About 700 Ethereum (ETH) Scams Are Currently Active And Making Victims, According To The EtherScamDB

The Ethereum Scam database (EtherScamDB), which records and documents Ethereum (ETH) scams, recently filed about 700 active scams, out of a total of 4,237 detected since its inception in 2017. The addresses specified for receiving the funds from the fraudsters have so far accumulated more than 8,140 ETH, the equivalent of more than $3.87 million at the current ETH price.

EtherScamDB was created in 2017 to document the various scams linked to Ethereum (ETH), and also as a means of trying to stop them. Currently, the database is managed by the MyCrypto team.

When each of the ongoing scams is examined in detail, EtherScamDB allows you to access the respective website. It is also possible to view in Etherscan the transactions of the recipient wallet, or at least those made more recently by the person carrying out the fraud.

One of the programmers who analyzed the data through EtherScamDB’s APIs, John Backus, published on his Twitter account the amount accumulated by the scams so far, which reaches 8,140 ETH.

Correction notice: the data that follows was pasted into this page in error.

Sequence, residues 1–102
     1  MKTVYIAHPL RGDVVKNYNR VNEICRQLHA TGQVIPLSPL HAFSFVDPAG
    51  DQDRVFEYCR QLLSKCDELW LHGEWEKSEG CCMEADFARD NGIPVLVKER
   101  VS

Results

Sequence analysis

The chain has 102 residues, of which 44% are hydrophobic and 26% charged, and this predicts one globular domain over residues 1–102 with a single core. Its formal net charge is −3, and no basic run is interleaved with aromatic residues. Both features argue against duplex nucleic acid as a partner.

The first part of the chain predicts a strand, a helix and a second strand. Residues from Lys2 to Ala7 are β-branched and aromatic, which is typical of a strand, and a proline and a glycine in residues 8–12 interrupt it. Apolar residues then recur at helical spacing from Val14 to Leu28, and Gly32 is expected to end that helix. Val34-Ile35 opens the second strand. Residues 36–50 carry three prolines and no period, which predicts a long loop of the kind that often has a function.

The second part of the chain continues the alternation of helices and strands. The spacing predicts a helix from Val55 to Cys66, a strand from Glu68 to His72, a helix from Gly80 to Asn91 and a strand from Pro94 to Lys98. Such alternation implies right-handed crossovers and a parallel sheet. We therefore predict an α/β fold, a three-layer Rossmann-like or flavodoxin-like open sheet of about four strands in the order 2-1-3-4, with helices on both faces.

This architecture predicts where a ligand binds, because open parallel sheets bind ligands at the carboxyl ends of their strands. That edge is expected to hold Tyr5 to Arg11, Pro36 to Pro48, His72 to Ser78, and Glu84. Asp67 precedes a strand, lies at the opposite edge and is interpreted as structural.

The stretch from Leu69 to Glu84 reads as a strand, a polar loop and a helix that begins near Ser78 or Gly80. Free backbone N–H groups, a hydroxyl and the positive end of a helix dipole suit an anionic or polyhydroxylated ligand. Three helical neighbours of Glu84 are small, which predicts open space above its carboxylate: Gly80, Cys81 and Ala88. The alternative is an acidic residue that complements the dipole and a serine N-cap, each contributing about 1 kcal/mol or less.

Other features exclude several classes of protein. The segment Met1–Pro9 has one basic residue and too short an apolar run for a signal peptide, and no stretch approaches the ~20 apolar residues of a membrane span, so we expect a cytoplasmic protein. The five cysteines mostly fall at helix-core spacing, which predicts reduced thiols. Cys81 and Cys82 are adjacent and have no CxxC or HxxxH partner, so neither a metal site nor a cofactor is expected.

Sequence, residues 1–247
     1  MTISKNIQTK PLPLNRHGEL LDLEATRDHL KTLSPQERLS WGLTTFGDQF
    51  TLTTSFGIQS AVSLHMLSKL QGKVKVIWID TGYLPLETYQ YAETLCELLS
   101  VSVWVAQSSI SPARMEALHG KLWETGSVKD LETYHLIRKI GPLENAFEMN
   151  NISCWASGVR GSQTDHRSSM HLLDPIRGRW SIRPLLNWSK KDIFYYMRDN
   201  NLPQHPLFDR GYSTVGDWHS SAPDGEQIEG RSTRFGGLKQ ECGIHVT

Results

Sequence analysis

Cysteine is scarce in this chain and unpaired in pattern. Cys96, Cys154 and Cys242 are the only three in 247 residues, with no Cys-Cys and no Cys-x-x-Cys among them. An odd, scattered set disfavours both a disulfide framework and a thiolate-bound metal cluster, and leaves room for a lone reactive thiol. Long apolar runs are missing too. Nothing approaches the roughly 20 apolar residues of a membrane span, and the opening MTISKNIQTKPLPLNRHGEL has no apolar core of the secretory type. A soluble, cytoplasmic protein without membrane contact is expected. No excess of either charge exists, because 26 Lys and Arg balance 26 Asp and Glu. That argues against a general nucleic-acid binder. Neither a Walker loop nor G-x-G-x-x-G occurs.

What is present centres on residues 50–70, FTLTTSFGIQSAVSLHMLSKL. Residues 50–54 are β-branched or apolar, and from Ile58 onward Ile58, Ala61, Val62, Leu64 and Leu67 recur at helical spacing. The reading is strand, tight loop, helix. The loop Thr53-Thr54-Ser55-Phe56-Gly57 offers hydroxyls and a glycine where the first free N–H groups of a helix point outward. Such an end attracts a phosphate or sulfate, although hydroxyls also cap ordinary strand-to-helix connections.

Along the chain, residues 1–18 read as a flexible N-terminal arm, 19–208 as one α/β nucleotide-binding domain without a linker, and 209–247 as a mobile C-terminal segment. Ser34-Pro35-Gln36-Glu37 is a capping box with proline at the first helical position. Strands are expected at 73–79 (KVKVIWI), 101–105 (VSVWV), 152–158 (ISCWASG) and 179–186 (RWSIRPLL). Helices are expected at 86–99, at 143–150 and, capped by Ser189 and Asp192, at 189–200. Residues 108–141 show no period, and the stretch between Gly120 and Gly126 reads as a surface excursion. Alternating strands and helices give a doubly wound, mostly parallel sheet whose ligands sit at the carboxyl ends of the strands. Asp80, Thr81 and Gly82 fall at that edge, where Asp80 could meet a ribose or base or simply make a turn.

From the date of the tweet, it appears that more than 200 additional active Ethereum (ETH) scams were added in only five days prior to his tweet.

About 700 Ethereum (ETH) scams are active and rise thousands of ETH

On the other hand, Brandon Arvanaghi and Bryce Crawford processed all transactions for each wallet involved in the scams and, through the use of the Etherscan APIs, obtained information for each fraud from those reported by EtherScamDB, such as the total scam, the most affected victims, and the most recent victims.

Arvanaghi and Crawford’s interactive report shows, for example, that the most affected victim lost 880 ETH, and the most successful scammer (OmniseGO.com) scammed people of 3,291 ETH.

Assuming that two other scammers identified as OmiseGO.net (1,731 ETH) and omisegotoken.com (1,694 ETH) are associated with the most successful scammer, then the group’s spoils rise to 6,718 ETH, 82% of the total scammed amount.

The scammers’ preferred resource, a website where the misleading offer appears, is promoted through social networks, predominantly with Twitter ads, after Facebook and Google adopted cryptocurrency ads bans.

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About the Author: Anna Galvez

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